- Pan Pastels Yellow Ochre and Diarylide Yellow Tint
- Unison pastels BE1, NE4, Grey 27, Grey 28
-Willow charcoal, Conté Crayons, brown, black and white
- Broken shards of the above
- Pencil rubber, cut into small pieces
- Faber Castell PITT Pastel Pencils; Pale blue 1122-140 , Black 1122-199, Brown 1122-176, Dark blue 1122-151, Green and Blue. Unison pastels including BG 7, BG14, Green 20. Conté Crayons, blues, purples and pale green.
For this tutorial, I am using soft pastels and Conté crayons for drawing, rather than painting. There is always a debate about whether pastels are a drawing or painting medium, but I think it depends entirely on the way you use them.
Here I will be using limited colour to capture the energy and texture of natural forms by changing my mark making and feeling for the flow of line. As I draw each piece, I hold it in my hand to feel its weight and use other senses as well as sight. I want to convey more than just what it looks like. What does it feel like? Is it hard and spiky, and heavy to hold? Or light and fragile, and easily crushed in my hand?
Whatever the subject matter might be, we can convey all of those sensations with the quality of our marks.
01. Test our your materials
Pastels and Conté crayons vary in hardness. To test out how they behave, do lots of experiments, pressing as hard as you can, then just letting the pastel graze the surface of the paper. See how they smudge. Notice how some make an intense mark, others are subtle. You can use these variations to get great contrasts in your work.
Think about the weight and energy of your subject. Hold it in your hand, feel it with your fingers, then draw what it feels like as well as what it looks like.
02. Experiment with marks
There are so many different ways that you can draw with pastels or Conté crayons. I break my sticks in half and use them on their ends, twisting and turning; on their edges for linear work; and on their sides to make broad, sweeping strokes. By alternating all of these as you draw, your pastel can dance around the surface.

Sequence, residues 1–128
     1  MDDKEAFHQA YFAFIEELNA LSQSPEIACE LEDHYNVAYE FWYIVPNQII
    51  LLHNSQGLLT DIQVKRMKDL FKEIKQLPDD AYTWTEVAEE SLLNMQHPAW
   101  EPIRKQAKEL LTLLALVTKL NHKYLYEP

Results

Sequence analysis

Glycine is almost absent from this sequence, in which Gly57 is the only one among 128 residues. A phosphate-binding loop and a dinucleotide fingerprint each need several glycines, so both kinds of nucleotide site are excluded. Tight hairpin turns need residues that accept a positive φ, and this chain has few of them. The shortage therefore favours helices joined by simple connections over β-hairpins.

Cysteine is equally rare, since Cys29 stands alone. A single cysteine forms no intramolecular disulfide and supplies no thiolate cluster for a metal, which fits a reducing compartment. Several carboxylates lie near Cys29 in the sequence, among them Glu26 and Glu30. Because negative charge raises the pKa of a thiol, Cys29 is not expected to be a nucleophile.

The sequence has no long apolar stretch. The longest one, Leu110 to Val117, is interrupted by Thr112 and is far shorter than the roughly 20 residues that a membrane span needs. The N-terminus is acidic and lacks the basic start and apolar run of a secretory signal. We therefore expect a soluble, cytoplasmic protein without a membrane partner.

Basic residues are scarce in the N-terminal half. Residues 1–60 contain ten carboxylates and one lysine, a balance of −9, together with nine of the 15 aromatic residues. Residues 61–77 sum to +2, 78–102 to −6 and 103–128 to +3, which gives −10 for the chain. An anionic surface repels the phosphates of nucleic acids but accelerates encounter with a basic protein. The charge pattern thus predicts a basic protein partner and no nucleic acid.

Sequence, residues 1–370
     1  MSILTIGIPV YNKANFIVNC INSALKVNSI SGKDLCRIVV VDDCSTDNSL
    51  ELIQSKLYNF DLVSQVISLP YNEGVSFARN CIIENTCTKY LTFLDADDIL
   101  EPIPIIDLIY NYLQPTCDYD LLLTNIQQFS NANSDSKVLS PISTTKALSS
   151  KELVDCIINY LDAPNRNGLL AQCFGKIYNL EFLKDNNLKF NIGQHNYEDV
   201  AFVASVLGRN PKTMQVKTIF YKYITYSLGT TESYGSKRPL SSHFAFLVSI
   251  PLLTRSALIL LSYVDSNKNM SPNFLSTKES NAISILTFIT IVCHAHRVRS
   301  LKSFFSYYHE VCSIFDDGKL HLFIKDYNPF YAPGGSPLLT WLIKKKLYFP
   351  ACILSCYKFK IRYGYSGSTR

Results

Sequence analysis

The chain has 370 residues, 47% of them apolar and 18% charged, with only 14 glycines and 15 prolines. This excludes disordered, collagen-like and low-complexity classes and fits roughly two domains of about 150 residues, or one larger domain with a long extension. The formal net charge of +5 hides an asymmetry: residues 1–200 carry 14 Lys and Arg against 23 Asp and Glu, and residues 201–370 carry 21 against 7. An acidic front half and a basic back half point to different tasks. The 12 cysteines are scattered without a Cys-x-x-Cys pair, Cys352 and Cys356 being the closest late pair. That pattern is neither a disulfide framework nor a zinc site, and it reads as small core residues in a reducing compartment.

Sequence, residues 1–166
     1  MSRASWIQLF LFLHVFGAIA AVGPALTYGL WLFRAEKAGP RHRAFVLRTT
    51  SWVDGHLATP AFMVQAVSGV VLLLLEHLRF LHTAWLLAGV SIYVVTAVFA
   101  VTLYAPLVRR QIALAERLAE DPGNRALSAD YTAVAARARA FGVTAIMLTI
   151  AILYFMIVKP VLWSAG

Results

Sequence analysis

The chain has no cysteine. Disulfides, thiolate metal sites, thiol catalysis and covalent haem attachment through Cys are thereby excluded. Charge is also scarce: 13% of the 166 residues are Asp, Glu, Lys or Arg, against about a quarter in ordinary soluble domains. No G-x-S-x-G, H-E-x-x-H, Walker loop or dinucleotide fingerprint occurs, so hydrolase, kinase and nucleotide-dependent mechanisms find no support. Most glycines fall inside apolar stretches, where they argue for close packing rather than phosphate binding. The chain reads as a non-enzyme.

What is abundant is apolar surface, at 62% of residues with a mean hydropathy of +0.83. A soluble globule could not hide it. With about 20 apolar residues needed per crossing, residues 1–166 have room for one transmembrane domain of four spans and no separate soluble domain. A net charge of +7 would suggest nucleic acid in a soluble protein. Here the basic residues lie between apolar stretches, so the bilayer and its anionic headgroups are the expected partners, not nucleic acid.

03. Sketch a base layer
If you want to practise your drawing, it is always good to have an object in front of you, rather than a photograph. As my paper is light in tone, I loosely sketch in a mid-tone base layer, using Pan Pastel powder applied with a tissue. This gives me a base to draw over with darks and lights.
04. Go with the flow
To get a feel for the flowing curves, I use a brown Conté crayon on its edge, twisting and turning around the form. At the sweetcorn base I press hard to give weight and shadow, and higher up, as the leaves grow thinner, I reduce the pressure.
05. Put lights over darks
One of the many joys of drawing with pastel is when you put a light over a dark. So I draw in the fine details of the corn, and sharp shadow lines with a broken shard of black Conté. I emphasise light on the leaves with a soft white Unison pastel, and cut into edges to make shapes more delicate.
06. Draw the feather
Holding the peacock feather as delicately as I can, I draw it with brown Conté crayon, equally as delicately, letting the strokes float off at the ends. I smudge it lightly to give a soft base for the eye.
07. Leave some white
For the intense colours of the feather’s eye, I use Unison pastels and Conté Crayons. If you don’t have the right colours, you just have to go with what is in your box, mixing them on the surface. I make marks in the direction of the fronds, smudging lightly. Leaving some flecks of white showing through helps create shimmer.
08. Use pastel pencil for fine lines
For the thin lines running through the eye, and for the finest ends of some of the fronds, I use a really dark Faber Castell PITT Pastel Pencil. I keep the point on pastel pencils with a sharp scalpel, which is also useful for cutting shards of pastel for details.
09. Create strong and spiky character
The essence of this dried artichoke head is in the hard spiky leaves, in contrast to the soft, fluffy seeds in the centre. To get that strong feeling, I make hard, aggressive marks with Conté crayons and Unison pastels, working with speed and energy, creating strong tonal contrasts. Using soft pastels adds to the weight and solidity of the form.
10. Create prickles
For the finest feeling of prickles, I use shards and sharp edges. If you drop your pastels on the floor and they break, keep those little bits! Remember, an edge is as good as a point. Pastel pencils are great for fine work, but if you find you need intense highlights, a broken soft pastel can give more exciting results.
This article originally appeared in Paint & Draw: Still Life. Buy the bookazine now.